Reserve appealed the next day, and the appeals court allowed the plant to reopen. The court said
Reserve would have to stop polluting the lake eventually, but it could keep dumping in the lake
until it built an alternative.
Reserve built that alternative — a disposal area on land. Starting in 1980 it piped its waste to the
new pond, several miles away from Lake Superior.
Scientists have still not decided once and for all whether the fibers from the mine can make
But the court case set new ground rules for the debate over the environment.
Industry and the government still fight about how much pollution is acceptable.
But in the Reserve case, the government showed it can shut down an industry that pollutes too
For the Great Lakes Radio Consortium, I’m Stephanie Hemphill.
Shoppers take a coffee break at Eastwood Towne Center near Lansing, Michigan. The outdoor shopping mall is one of a growing number of "lifestyle centers" in the United States. (Photo by Erin Toner)
Eastwood Towne Center, near Lansing, Michigan, is one of several new "lifestyle centers" in the Midwest. It's an outdoor mall built to look like a downtown, with park benches, courtyards and brick sidewalks. (Photo by Erin Toner)
Eastwood Towne Center, in mid-Michigan, is one of the newest "lifestyle centers" in the country. It's built to look like an old-time downtown. But it has new, upscale stores and restaurants, a movie theater and plenty of parking. (Photo by Erin
For decades now, people have done most of their shopping at sprawling, suburban malls that offer plenty of free parking and shelter from the weather. But now, people are heading back outside to shop, to places reminiscent of quaint downtowns. The Great Lakes Radio Consortium’s Erin Toner reports:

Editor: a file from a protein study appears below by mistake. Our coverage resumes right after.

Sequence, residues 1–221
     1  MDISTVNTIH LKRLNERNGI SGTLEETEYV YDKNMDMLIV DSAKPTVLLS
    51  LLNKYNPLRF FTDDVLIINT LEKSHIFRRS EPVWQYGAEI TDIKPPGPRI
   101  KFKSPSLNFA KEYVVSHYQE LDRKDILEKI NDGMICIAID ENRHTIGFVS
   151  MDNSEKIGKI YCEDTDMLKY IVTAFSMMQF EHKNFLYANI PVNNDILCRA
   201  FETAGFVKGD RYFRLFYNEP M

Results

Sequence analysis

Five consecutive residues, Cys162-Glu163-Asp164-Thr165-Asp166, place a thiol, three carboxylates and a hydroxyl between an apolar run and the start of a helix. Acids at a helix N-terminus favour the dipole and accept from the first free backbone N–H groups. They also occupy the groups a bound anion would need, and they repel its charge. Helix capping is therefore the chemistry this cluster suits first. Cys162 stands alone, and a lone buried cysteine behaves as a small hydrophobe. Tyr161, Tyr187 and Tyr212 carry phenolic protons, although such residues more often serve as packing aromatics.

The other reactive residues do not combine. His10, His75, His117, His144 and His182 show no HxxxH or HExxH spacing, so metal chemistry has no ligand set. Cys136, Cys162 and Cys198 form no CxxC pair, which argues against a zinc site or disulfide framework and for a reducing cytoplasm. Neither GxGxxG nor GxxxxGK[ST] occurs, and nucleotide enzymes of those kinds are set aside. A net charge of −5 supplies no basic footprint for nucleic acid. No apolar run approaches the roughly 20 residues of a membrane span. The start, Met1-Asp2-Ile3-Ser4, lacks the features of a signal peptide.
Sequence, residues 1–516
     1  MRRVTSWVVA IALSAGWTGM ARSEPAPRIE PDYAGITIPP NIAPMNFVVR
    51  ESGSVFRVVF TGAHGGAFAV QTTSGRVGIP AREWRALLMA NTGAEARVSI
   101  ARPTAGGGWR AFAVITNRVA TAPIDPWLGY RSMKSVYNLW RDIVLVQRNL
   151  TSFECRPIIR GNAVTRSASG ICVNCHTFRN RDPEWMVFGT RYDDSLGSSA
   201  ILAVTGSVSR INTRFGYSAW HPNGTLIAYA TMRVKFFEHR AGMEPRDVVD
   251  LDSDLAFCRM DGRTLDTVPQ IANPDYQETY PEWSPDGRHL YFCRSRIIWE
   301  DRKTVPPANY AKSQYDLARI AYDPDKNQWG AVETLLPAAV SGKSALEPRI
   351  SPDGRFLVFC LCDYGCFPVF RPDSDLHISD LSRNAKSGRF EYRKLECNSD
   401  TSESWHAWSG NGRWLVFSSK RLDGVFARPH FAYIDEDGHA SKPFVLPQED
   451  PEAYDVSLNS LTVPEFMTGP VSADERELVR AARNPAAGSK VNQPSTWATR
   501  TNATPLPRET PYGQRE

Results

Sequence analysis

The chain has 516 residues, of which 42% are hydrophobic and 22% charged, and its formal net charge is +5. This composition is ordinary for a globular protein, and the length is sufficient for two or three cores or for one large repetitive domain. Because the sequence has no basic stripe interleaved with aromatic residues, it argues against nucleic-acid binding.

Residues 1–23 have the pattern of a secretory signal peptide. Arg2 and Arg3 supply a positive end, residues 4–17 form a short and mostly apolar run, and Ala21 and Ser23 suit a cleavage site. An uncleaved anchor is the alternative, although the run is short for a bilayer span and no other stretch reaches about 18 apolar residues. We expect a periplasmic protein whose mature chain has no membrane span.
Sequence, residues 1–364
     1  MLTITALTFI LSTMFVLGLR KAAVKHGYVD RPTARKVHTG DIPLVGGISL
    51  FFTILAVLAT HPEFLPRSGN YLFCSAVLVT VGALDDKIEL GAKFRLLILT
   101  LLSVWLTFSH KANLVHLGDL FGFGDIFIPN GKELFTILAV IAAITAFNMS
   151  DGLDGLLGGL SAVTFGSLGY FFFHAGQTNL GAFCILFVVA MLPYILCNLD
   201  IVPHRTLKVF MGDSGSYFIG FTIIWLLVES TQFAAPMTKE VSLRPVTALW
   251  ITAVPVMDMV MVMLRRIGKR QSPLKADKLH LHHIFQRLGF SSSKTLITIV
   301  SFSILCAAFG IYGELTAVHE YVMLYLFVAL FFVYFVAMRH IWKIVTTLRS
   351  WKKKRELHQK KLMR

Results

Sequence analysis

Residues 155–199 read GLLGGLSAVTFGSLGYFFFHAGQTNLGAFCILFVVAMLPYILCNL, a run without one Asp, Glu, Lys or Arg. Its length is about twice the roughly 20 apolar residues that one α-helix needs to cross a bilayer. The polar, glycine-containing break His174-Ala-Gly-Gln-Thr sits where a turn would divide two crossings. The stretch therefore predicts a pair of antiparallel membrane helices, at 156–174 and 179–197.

For decades now, people have done most of their shopping at sprawling, suburban malls that offer
plenty of free parking and shelter from the weather. But now, people are heading back outside to
shop, to places reminiscent of quaint downtowns. The Great Lakes Radio Consortium’s Erin
It’s a sunny day in March. But, as anyone who lives in the Midwest knows, a sunny day this early
in the Spring is rarely warm day. Today’s temperature’s in the 30s. But that’s apparently no reason to
stay indoors, when there’s shopping to be done.
The stores just opened at Eastwood Towne Center on the outskirts of Lansing, Michigan and the parking lot is
slowing filling up. Shiny minivans unload mothers, and babies and old ladies. They disappear into
Pottery Barn, Ann Taylor Loft and the Yankee Candle Company. They march from one store to
another to the sounds of soft-rock drifting out of speakers perched on lamp posts outside.
Eastwood Towne Center is one of a growing number of so-called “lifestyle centers.” There are
several in the Great Lakes Region – in Michigan, Ohio, Illinois and Pennsylvania. Lifestyle centers
are outdoor malls built to look like old-time downtowns. They have pseudo Main streets, that
weave through upscale stores with brick or stone-facades. Shoppers or their bored husbands can
take a rest on wrought-iron benches in neatly-manicured courtyards, or in cozy chairs at Starbucks.
Lifestyle centers also usually have popular chain restaurants and movie theaters.
Beverly Baten shops and works at Eastwood Towne Center. She says people are coming to